After signing a batch of family acts, it was natural for fast-growing StowTown Records to add a soloist to their already impressive roster. It’s probably safe to say that they picked out the most naturally gifted one in southern gospel: Taranda Greene. Her debut album Stronger plays like a triumphant personal testimony to the griefs she’s experienced and overcome after losing her husband, Tony. She lends her flexible voice to a wide variety of sounds here, with a heavier urban emphasis than one might expect from an SG record. (Translation: White girl got soul!) The result may sometimes veer into over-the-top theatrics, but it’s a solid, entertaining piece of work, arriving just in time to land on everyone’s “Best of 2014″ lists.
Out On a Limb is a wide-release re-packaging of Gaither Vocal Band tenor Wes Hampton’s former table project Reality. It is his second solo effort, following 2011’s A Man Like Me, which I first reviewed at Southern Gospel Journal here. Blending Wes’s fresh, confident vocals with a batch of new songs from CCM hit-maker Sam Mizell and friends, it’s sure to satisfy most die-hard Hampton fans. But will it satisfy fans of great music and songwriting? Does it satisfy me as a fan of all of the above? And does anyone else think the cover looks like someone dropped a Land’s End photo shoot in the middle of a Gustav Dore engraving?
The Akins are some of my favorite artists in southern gospel. Their freshness, natural musicianship and contagious enthusiasm always lift my spirits. However, their country-rock flair is a tad edgier than most fans of southern gospel may be used to, so they’ve been quietly flying under the radar for a while. However, their music definitely deserves a closer look. (Pssssst, hey Ernie/Stowtown…?) This table project finds them tackling some old standards with vim and vigor. The production credits are simple: recorded, sung, mixed, and mastered by the Akins. Lucas Vaughn is the only outside contributor, playing drums. The result sounds very organic and cohesive. Continue reading
The Ball Brothers are one of southern gospel’s youngest and most progressive groups. Consistently thinking outside the box, they serve up a uniquely tight, pop-flavored harmonic blend that recalls GoFish or the Backstreet Boys more than your typical southern gospel men’s group. They built their career as four blood brothers, but since then they’ve replaced two, including brother Stephen, who tragically had to bow out due to early onset hearing loss. Fortunately, Andy Tharp and Chad McCloskey have seamlessly slipped into the groove, and anyone who didn’t know any better could easily think all four are related. Their fresh, youthful appeal has many fans wondering if it’s only a matter of time before Ernie Haase signs them to StowTown Records, since he played a large part in giving them their first exposure. Click below the fold for my thoughts on their latest release, Priority. Continue reading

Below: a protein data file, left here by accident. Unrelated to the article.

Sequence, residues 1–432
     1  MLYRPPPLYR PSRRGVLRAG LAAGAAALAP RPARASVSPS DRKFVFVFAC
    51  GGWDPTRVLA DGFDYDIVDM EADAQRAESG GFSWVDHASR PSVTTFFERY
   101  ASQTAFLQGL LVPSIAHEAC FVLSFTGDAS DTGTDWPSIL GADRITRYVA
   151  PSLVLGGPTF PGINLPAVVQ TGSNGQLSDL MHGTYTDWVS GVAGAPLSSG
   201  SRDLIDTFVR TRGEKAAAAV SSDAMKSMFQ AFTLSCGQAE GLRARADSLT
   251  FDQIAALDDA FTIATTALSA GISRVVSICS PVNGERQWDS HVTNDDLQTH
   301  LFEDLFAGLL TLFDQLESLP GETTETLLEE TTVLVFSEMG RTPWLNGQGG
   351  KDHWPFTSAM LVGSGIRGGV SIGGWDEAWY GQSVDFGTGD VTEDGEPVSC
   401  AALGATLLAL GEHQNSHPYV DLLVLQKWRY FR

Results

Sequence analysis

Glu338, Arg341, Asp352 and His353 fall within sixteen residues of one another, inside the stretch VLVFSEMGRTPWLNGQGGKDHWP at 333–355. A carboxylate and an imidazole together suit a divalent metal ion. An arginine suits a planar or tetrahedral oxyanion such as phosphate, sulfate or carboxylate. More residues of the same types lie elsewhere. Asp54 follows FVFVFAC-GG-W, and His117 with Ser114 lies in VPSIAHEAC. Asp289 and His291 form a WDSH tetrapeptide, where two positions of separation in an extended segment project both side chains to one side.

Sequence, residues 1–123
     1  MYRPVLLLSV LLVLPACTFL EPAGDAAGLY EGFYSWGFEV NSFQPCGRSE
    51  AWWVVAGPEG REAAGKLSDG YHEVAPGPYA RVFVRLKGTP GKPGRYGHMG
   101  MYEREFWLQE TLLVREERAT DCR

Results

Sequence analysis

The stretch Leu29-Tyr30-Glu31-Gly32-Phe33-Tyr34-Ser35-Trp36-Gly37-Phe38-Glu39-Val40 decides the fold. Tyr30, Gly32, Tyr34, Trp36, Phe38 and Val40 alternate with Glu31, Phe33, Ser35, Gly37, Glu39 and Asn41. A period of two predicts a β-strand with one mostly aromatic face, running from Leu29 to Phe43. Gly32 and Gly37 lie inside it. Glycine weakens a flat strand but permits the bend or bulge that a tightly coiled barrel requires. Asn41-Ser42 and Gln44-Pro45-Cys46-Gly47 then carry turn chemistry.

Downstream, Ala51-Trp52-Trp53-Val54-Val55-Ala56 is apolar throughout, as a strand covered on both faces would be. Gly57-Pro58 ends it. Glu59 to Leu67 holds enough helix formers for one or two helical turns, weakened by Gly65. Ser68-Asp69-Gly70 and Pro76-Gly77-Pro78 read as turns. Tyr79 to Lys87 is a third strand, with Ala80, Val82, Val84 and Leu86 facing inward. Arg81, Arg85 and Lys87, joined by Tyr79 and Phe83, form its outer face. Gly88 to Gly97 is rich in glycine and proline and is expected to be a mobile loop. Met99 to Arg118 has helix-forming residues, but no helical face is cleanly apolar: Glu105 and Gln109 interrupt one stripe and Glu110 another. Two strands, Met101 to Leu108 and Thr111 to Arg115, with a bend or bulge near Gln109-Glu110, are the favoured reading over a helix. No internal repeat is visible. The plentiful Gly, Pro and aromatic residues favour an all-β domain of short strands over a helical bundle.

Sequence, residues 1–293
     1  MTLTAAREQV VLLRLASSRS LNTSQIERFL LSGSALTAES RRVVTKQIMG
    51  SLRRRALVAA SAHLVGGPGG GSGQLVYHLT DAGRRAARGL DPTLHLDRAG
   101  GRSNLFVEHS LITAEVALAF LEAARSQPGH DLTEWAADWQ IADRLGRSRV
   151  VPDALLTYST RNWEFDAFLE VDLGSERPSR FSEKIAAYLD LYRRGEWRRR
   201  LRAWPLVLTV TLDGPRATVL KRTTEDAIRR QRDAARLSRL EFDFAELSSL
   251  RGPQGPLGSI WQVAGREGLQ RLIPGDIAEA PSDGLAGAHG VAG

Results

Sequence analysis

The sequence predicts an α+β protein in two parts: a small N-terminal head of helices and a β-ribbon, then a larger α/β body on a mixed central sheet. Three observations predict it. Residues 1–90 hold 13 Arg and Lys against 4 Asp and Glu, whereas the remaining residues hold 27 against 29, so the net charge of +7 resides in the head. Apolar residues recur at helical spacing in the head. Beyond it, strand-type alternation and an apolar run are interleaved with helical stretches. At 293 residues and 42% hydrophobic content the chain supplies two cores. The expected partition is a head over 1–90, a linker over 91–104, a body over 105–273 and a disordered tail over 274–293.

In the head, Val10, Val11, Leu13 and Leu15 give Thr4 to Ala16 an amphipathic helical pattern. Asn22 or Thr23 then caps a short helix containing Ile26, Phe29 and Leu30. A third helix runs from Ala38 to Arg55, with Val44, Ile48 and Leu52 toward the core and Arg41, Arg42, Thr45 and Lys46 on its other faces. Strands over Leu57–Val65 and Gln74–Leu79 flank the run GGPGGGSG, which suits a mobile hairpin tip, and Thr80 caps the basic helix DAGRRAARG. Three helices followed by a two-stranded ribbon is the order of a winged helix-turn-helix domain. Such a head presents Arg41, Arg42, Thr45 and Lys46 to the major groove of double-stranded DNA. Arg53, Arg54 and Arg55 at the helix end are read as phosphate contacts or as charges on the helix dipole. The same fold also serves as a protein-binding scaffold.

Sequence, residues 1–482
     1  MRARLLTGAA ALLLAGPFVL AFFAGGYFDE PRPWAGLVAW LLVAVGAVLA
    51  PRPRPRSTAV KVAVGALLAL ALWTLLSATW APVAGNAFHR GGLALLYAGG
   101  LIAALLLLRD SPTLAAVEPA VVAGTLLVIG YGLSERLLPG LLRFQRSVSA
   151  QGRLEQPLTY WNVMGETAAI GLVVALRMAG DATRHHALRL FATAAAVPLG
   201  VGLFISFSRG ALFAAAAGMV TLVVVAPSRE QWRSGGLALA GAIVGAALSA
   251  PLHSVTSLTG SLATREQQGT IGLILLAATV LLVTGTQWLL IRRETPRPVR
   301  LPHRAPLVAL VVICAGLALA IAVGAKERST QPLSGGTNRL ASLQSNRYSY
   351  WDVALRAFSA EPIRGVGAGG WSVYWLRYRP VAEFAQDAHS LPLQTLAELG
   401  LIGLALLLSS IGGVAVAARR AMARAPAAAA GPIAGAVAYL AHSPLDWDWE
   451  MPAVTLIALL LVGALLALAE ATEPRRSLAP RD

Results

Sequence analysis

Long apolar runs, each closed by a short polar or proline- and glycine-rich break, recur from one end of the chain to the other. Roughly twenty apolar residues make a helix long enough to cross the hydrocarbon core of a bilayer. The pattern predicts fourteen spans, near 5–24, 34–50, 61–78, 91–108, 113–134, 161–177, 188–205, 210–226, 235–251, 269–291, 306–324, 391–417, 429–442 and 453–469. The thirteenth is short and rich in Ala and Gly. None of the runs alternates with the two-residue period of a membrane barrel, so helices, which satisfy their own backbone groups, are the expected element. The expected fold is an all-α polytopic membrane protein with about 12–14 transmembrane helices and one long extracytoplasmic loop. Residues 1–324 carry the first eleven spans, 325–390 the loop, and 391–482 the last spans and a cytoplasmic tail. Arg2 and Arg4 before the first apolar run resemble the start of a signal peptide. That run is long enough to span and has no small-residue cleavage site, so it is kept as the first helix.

[Editor’s note: This is a guest post by Brian Fuson of Fuson’s Findings.]
Let’s hit the Rewind button and go all the way back to 2001. Before everyone on earth had an iPhone, when Chrysler was still owned by Germans, and my precious Detroit Tigers hadn’t had a winning season since I was a toddler. The Booth Brothers had no chart topping songs, no legions of fans, and weren’t really known by the average Gospel Music fan. Ronnie and Michael Booth were continuing the group they started with their father, Ron Sr, in the early 90’s. When Sr. departed in 1999, a young man named Joseph Smith joined the group, taking over the baritone position. Smith spent a couple years with Perfect Heart before the group disbanded and had proven to be an impressive vocalist in his short stint.
The group had recorded one impressive project, Walkin’ On The Good Side, that was fantastic. This Stage of Grace, released in 2001, would be the follow up. And it was the album that would make the Southern Gospel industry recognize the guys.